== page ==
"This is a prune and raisin filled cookie with chopped walnuts added if desired. The cookies are made into loaves approx. 3 1/2 to 4 inches wide and 8 to 10 inches long. After baking the loaves are cut into slices crosswise approx. 1 inch wide. Cookies are glazed on top and decorated with colored sprinkles. Prepare the fruit filling the night before baking." — Lucy Hurlbut
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2 1/4 cups
confectioners' sugar for decoration
I have been looking for a prune slice recipe for years, without any luck....I cannot believe how delicious these are, add chopped maraschino cherries, maybe 10-12 and definitely walnuts...I live in RI and Italian cookie trays always have these in them, but no one ever has the recipe....try them, they are soooo good, and they go in my Christmas trays every year now....thanks so sharing...
It was just okay. Not that I didn't like it, but nothing too spectacular. But maybe that's because I put less sugar. I made orange glaze instead of regular icing.
I made these cookies for our family gathering this weekend and everybody loved them so much that each individual family took some home for later!
I only wish a quantity could have been suggested for the chopped walnuts; I used 1/2 cup and we all enjoyed them, but more might have been nice too. Additionally, the recipe could have mentioned whether the dough needed to rest in the fridge a while before rolling out and filling, or whether you were supposed to proceed immediately to rolling out the cookies after initially mixing it; I decided to proceed immediately to kneading and rolling it out, but maybe I'll try resting the dough after mixing next time, to see if it could imrpove the recipe.
The bottom line is that the cookies are not too sweet, but perfect for enjoying with coffee, either after dinner, or first thing in the morning! =o)
Delicious! This is very similar to my grandmother's recipe. The only difference for my family is we add a shot of brandy and 10 oz. chopped marachino cherries to the prune mixture. This must be a strictly Rhode Island cookie. I wonder if our families are from the same town in Italy!
Unlike the other reviewers, I had never heard of these cookies before, and did not have a sentimental/nostalgic reason for making them, so I was approaching these without any expectations. However, after having made these cookies, I fell absolutely in love with them! The recipe is perfect (the dough is absolutely beautiful, and is easy to work with), the crust is flavorful, crumbly but soft, the filling is just sweet enough, and the nuts add another texture dimension. The recipe makes a bunch, and after 5 days I only have a couple of cookies left (keep in mind this is just 4 people eating), they are that good! I would definitely recommend this recipe to everyone, even those who have never heard of these before. They are absolutely amazing with milk! ***These keep better out in the air, instead of in an airtight container since in a container they get a little soggy because of the filling.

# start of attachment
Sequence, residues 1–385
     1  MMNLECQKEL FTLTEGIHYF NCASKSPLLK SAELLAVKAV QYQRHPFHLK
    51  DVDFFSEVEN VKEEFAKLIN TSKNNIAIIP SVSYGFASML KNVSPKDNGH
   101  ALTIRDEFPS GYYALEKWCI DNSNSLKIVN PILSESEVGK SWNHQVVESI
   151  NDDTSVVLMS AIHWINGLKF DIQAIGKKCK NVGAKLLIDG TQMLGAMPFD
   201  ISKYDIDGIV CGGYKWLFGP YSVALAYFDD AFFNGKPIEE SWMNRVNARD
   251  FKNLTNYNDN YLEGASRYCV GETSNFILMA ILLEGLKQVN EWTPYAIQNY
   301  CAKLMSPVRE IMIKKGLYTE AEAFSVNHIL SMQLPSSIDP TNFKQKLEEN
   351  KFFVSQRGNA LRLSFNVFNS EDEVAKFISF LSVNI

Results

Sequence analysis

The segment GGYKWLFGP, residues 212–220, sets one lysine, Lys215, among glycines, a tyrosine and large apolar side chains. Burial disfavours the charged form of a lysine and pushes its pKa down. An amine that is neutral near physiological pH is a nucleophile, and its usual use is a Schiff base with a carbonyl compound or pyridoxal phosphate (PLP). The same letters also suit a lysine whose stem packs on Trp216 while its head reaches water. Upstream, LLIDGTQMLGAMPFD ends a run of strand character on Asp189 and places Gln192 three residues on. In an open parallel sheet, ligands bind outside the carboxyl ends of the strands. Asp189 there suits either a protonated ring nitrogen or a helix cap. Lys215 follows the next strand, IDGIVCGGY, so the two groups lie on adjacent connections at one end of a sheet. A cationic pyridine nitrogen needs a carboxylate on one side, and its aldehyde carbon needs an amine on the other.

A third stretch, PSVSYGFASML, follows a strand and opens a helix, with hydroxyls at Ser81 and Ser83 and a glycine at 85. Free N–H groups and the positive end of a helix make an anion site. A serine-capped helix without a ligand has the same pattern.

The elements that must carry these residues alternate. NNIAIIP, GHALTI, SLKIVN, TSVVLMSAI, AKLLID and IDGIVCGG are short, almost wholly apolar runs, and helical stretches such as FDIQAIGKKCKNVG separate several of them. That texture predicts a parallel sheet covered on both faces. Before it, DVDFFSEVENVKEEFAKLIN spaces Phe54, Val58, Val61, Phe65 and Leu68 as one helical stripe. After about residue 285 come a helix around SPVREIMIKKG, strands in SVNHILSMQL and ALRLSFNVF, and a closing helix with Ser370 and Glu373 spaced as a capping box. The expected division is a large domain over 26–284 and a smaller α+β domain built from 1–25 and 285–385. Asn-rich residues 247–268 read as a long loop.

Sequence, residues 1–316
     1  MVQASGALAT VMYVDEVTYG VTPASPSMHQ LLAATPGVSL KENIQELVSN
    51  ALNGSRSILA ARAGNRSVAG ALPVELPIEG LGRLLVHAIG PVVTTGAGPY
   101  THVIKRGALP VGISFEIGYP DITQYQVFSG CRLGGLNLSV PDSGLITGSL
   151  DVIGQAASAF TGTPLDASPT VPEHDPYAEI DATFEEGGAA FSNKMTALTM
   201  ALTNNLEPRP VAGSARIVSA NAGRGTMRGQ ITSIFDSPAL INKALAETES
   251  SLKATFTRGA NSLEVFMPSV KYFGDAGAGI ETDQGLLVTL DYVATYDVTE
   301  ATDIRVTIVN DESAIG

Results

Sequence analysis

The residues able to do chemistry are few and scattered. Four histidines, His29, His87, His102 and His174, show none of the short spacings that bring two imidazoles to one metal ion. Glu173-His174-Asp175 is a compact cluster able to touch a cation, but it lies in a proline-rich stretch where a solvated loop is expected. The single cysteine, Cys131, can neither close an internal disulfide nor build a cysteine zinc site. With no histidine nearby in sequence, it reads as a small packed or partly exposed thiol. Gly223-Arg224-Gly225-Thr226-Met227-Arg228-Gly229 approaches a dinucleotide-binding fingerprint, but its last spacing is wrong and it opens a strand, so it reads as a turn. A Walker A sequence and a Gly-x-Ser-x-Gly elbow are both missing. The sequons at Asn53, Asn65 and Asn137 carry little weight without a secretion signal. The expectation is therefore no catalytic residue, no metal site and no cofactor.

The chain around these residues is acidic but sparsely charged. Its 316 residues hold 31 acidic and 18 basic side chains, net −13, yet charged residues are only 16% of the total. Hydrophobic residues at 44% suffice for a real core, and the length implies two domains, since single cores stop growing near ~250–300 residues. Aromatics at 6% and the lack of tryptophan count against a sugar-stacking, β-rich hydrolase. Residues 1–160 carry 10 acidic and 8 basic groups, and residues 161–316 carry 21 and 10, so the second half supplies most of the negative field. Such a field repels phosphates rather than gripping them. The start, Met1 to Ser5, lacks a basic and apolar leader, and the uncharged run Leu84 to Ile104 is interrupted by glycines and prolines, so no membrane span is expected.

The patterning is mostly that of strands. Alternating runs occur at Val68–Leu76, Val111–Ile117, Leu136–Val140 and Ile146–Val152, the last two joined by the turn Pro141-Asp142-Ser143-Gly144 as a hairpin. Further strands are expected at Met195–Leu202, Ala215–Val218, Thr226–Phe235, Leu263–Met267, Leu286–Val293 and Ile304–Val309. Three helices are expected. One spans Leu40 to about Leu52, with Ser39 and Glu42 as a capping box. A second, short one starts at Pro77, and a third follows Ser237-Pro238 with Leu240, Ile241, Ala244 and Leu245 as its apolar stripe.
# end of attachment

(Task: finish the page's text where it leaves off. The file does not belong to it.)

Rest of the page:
Here's a good way roll out the dough and form the logs: Wet your counter top, then put down a large piece of saran wrap. Flour the wrap, and roll out the dough. After you have spread the filling on the dough, use the saran wrap to fold the dough over. Just lift by two corners, fold, and then peel off the wrap. Do the same for the second fold. To get the log on the cookie sheet, put the cookie sheet on the counter next to the log, bunch the saran wrap under the log on the side next to the cookie sheet, ease the saran wrap and the log over onto the cookie sheet, and roll it off the saran wrap. This works beautifully. I got a decent-tasting cookie, but I had never had these before and didn't know what to expect. The directions bewildered me in a few places. I may try these again now that I have done a trial run.
I just made thhis recipe. Been looking for one for a long time. My husband is from RI and his mother used to make them. They called them Prune Biscuits. I made these changes based his input. 2 Tblsp Orange Zest added to prunes, none in dough. Used all prunes and no raisens. My husband said they are as good as his mother's. Found them pretty easy to make. Just do the prunes the day before and used a mixer for the dough then hand knead.
I was also looking for a recipe like this for years. My Italian grandmother made them at Easter. After tasting them I think she must have used all prunes, but I used a mixture of prunes, raisins and dried cherries. I did a white icing and then drizzled Easter pastels and then cut them. This is a good recipe to start with.
* Percent Daily Values are based on a 2,000 calorie diet.
Prune and Raisin Filled Cookies
Serving Size: 1/24 of a recipe
Servings Per Recipe: 24
Amount Per Serving
Calories from Fat: 94
Make these classic cookies to sweeten any occasion.
These chewy oatmeal raisin cookies are spiced with cinnamon and cloves.
This old-fashioned favorite is crispy and chewy with a candy-coated surprise.